I can definitely answer this one: My stoker/wife had basically never ridden a bike or at least largely forgotten how to (she suffered a stroke about 10 years before we met and hadn't ridden since). To be honest, she has always been a great stoker and might even have been easier to learn to tandem with than an experienced cyclist. When we first bought our tandem (having never ridden one), I first tried it out with a friend who was an experienced single bike cyclist. I was all over the road and found steering extremely difficult, and my wife was quite nervous after watching us how it would be for her. Once she got on the bike, however, I found it far easier to maneuver with her than with our friend. Lacking any experience with bikes, my wife made no attempt to steer as we went through turns (as our friend had tried to do, forcing me to counter steer and fight their input), and learned to respond to my style of riding directly through the timing chain. Her cadence quickly matched mine, and she almost entirely adopted my riding style because she didn't know anything else.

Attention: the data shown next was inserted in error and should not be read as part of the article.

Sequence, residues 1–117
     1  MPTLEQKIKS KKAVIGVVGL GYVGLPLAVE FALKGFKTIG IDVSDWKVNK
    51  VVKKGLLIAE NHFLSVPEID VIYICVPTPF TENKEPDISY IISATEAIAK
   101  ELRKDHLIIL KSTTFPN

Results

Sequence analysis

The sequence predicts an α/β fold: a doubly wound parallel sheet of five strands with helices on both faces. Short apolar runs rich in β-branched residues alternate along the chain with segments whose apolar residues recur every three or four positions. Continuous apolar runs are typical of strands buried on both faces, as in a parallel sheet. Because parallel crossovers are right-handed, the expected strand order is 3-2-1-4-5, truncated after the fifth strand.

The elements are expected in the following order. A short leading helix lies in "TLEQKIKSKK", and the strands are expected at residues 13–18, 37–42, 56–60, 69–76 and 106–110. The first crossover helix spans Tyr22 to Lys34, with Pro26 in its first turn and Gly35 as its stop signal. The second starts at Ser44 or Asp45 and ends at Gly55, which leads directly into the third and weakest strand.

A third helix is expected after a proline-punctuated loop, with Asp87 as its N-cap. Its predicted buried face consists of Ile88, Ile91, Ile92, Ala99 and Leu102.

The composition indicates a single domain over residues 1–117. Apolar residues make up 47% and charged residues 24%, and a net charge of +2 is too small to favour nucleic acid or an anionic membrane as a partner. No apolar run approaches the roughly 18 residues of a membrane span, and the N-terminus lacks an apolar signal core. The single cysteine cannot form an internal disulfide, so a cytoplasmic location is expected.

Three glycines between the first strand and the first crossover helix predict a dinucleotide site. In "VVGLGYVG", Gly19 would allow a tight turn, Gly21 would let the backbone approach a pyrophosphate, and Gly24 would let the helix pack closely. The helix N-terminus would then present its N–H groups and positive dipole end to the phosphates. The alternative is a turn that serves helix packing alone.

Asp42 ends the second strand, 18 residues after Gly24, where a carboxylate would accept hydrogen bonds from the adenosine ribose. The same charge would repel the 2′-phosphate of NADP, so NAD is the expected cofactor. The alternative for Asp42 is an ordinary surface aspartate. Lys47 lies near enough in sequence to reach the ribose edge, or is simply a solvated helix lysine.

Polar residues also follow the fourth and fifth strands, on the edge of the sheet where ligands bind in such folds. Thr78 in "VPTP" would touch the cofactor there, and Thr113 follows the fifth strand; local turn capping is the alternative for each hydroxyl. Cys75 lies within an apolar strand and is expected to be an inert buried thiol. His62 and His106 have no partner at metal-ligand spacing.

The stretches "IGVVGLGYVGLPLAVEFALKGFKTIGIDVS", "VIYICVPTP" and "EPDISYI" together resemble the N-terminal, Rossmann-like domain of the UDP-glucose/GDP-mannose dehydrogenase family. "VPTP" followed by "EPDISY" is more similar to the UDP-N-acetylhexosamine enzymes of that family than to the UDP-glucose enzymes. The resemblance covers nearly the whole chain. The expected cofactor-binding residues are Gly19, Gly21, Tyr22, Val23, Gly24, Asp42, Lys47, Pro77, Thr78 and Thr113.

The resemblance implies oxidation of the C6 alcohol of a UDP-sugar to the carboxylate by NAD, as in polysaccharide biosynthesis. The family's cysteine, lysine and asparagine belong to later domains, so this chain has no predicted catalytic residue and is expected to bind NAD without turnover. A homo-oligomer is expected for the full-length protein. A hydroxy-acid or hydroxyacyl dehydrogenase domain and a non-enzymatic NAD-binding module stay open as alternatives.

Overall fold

When I've read some threads on here about how people communicate with their stokers, and commands they use, I was actually quite surprised. While we do talk a good bit while riding, it is rarely one of us giving commands about the ride itself. Instead, the vast majority of our communication on the bike is non-verbal. My stoker knows to soft-pedal instantly if I start to do so, making shifting seamless. If I start to coast for any reason, she instantly does as well. When stopping (one foot down for me, she stays on the saddle and clipped in) she just waits without moving around till I start to pedal and immediately pushes as hard as possible unless I slow to clip in my second foot. I don't tell her whether I'll clip in on the first pedal stroke or later (depending on traffic), she just seems to know. I think she is truly the perfect stoker because all of her habits were developed around being my stoker.